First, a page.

Tornado Confirmed in Foster Township in Luzerne County Pennsylvania
- Location: Foster Township, Just South Of Freeland Immediately East Of The Hazel Township Line.
- Date: July 26, 2012
- Estimated Time: 5:44 PM EDT
- Maximum EF-Scale Rating: EF-1
- Estimated Maximum Wind Speed: 95-100 MPH
- Maximum Path Width: 75 Yards
- Path Length: 0.1 Miles
- Beginning Lat/Lon: 41.01n / 75.90w
- Ending Lat/Lon: 41.01n / 75.89w
- Fatalities: 0
- Injuries: 0
The National Weather Service in Binghamton, NY has confirmed a tornado near Foster Township in Luzerne County
Pennsylvania on July 26, 2012. A supercell thunderstorm moved into southern Luzerne county at approximately 5:05 PM EDT
from east-central Columbia county. As the storm entered the county, dopper radar indicated a tight cyclonic
circulation contained within the storm's mid-levels. As the storm traveled east, numerous trees were downed or
uprooted just south of Sybertsville in the township of Sugerloaf. Reports from local Emergency Management Officials
indicate that all tree damage in this location was oriented in the same direction, consistent with straight
line wind damage. As the storm traveled east, extensive tree damage occurred in Butler Township along east
Foothills Drive, immediately east of Route 309. Again, downed trees were oriented all in the same
direction, consistent with straight line wind damage with winds estimated between 90-100 mph. The storm then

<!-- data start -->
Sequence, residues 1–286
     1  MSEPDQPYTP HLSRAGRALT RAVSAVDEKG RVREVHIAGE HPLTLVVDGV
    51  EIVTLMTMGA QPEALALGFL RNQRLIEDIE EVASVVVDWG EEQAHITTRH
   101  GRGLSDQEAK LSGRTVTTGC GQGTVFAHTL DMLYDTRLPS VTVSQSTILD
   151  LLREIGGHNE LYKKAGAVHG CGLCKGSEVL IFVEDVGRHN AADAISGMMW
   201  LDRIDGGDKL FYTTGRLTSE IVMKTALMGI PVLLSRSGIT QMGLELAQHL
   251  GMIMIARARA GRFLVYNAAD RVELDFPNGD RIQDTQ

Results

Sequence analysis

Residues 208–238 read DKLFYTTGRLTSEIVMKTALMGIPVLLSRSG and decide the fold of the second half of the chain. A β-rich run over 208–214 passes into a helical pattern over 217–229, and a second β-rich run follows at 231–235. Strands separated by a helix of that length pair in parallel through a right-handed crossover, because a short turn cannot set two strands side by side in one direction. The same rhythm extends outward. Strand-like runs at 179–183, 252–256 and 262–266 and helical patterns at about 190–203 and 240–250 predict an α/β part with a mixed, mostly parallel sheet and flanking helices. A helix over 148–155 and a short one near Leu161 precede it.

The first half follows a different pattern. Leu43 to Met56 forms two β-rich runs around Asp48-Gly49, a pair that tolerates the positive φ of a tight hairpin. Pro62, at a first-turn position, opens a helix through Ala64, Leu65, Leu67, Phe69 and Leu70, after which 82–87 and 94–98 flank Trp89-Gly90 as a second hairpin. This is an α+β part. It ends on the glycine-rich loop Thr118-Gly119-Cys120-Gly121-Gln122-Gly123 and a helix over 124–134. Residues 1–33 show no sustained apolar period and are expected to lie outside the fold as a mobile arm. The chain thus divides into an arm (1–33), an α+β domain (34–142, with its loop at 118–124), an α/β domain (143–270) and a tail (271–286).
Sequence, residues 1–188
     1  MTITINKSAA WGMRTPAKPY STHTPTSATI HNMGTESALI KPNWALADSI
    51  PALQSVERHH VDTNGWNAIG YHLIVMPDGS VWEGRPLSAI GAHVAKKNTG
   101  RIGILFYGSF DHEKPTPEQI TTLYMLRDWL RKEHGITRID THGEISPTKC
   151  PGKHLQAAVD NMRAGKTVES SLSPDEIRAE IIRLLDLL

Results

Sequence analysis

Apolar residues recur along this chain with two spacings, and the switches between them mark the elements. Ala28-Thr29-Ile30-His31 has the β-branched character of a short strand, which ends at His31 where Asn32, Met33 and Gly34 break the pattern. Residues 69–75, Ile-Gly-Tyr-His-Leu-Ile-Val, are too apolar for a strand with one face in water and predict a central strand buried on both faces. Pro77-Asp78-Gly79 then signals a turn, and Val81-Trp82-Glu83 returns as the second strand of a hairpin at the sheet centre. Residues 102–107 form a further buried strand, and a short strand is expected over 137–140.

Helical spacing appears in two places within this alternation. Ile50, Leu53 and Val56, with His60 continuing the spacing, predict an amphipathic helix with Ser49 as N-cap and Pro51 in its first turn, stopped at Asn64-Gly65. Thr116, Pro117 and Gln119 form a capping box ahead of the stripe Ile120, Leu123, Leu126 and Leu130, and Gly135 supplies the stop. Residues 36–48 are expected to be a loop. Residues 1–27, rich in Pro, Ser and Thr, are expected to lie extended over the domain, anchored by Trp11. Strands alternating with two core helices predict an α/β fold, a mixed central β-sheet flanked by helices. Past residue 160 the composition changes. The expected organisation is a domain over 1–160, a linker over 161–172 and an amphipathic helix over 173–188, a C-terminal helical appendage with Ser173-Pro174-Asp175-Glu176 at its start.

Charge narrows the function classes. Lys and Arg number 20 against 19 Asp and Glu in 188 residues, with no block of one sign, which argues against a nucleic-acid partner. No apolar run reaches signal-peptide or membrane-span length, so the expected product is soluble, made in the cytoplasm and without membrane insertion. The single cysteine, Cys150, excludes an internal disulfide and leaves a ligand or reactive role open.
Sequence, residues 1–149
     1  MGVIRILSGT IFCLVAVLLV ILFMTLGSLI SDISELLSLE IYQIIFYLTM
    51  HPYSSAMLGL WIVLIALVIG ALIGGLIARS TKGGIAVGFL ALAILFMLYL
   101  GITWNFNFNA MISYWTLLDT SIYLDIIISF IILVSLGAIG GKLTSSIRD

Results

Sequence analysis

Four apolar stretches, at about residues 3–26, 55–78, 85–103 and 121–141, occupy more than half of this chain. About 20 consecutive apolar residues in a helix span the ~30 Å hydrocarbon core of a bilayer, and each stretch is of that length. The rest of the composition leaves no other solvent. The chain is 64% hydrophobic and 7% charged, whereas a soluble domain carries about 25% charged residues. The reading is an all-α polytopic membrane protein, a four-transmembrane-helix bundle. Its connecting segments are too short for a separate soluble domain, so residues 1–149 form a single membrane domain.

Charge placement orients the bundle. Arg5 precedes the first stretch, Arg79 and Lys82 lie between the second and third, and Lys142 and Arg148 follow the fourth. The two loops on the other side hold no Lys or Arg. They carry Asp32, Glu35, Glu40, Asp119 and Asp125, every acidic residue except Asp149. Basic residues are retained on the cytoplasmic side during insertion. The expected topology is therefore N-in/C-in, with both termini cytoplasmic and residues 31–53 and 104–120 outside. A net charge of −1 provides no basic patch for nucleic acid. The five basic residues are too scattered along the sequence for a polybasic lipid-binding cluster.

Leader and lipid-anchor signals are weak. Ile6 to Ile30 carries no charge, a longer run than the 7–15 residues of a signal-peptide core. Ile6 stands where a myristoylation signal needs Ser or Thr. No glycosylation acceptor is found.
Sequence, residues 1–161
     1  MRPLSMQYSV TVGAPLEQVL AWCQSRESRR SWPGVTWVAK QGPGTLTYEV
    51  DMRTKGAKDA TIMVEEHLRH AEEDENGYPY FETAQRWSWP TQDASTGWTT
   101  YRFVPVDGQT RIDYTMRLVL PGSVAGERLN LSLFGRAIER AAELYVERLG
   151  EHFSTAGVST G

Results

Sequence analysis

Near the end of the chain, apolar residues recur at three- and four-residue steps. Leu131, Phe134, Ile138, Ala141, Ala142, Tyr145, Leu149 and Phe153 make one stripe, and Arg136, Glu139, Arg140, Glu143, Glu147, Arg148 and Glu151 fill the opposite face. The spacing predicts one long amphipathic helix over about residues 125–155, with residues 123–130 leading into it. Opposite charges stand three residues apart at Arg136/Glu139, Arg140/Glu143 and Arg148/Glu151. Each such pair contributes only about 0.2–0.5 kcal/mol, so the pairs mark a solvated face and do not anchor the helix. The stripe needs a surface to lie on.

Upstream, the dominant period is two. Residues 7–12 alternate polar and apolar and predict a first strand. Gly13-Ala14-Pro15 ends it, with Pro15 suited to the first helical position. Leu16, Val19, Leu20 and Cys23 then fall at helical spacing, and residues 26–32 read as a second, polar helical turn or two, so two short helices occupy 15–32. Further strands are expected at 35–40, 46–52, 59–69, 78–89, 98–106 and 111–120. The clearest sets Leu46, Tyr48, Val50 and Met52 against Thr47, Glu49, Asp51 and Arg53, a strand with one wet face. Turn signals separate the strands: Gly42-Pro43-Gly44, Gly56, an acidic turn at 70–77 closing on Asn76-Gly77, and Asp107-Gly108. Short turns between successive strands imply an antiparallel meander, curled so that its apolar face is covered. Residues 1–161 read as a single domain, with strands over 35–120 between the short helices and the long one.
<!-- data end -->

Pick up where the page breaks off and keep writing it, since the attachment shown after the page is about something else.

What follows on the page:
continued east where extensive damage occurred along main street just south of Freeland in western Foster
Township. At this location, an outside storage building was destroyed. Debris from the building then
traveled through the air and penetrated in several locations the roof of a 58 foot tall building. After hitting and
destroying the building, additional damage occurred directly to the northeast where several trees were downed
or uprooted. Downed trees were convergent in nature, consistent with a tornadic circulation moving over
the area. Maximum estimated winds were between 95-100 mph which is classified as and EF-1 on the
Enhanced Fujita Scale.
The image below is the approximate path of the tornado.
Click on an image to see a large version
The information in this statement is preliminary and subject to change pending final review of the event(s) and publication in National Weather Service Storm Data.
For reference, the Enhanced Fujita Scale classification can be found here.
A microburst is a convective downdraft with an affected outflow area of less than 2 1/2 miles wide and peak winds lasting less than 5 minutes. Microbursts may induce dangerous horizontal/vertical wind shears, which can adversely affect aircraft performance and cause property damage. Straight-line winds are generally any wind that is not associated with rotation, used mainly to differentiate them from tornadic winds.